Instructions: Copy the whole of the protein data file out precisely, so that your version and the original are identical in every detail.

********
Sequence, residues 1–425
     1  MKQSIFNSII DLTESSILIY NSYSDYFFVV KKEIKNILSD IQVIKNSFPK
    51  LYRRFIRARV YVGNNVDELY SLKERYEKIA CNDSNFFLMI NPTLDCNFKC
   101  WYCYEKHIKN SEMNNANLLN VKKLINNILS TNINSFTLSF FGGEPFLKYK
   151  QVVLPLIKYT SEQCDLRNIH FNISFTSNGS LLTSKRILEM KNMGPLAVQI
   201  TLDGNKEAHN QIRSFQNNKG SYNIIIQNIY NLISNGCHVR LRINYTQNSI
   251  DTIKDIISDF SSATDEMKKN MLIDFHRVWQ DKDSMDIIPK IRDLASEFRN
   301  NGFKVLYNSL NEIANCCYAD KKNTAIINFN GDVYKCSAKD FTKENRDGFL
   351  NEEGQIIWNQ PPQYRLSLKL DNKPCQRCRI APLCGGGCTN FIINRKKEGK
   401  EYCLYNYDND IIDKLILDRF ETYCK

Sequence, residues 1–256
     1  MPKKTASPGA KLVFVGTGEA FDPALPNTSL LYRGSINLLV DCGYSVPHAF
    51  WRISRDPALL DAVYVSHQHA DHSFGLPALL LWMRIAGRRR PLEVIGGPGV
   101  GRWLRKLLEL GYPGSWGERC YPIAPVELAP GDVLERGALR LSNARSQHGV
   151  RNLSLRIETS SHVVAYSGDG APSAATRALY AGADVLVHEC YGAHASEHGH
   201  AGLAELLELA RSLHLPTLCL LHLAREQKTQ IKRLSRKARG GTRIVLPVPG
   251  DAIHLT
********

Sequence, residues 1–425
     1  MKQSIFNSII DLTESSILIY NSYSDYFFVV KKEIKNILSD IQVIKNSFPK
    51  LYRRFIRARV YVGNNVDELY SLKERYEKIA CNDSNFFLMI NPTLDCNFKC
   101  WYCYEKHIKN SEMNNANLLN VKKLINNILS TNINSFTLSF FGGEPFLKYK
   151  QVVLPLIKYT SEQCDLRNIH FNISFTSNGS LLTSKRILEM KNMGPLAVQI
   201  TLDGNKEAHN QIRSFQNNKG SYNIIIQNIY NLISNGCHVR LRINYTQNSI
   251  DTIKDIISDF SSATDEMKKN MLIDFHRVWQ DKDSMDIIPK IRDLASEFRN
   301  NGFKVLYNSL NEIANCCYAD KKNTAIINFN GDVYKCSAKD FTKENRDGFL
   351  NEEGQIIWNQ PPQYRLSLKL DNKPCQRCRI APLCGGGCTN FIINRKKEGK
   401  EYCLYNYDND IIDKLILDRF ETYCK

Sequence, residues 1–256
     1  MPKKTASPGA KLVFVGTGEA FDPALPNTSL LYRGSINLLV DCGYSVPHAF
    51  WRISRDPALL DAVYVSHQHA DHSFGLPALL LWMRIAGRRR PLEVIGGPGV
   101  GRWLRKLLEL GYPGSWGERC YPIAPVELAP GDVLERGALR LSNARSQHGV
   151  RNLSLRIETS SHVVAYSGDG APSAATRALY AGADVLVHEC YGAHASEHGH
   201  AGLAELLELA RSLHLPTLCL LHLAREQKTQ IKRLSRKARG GTRIVLPVPG
   251  DAIHLT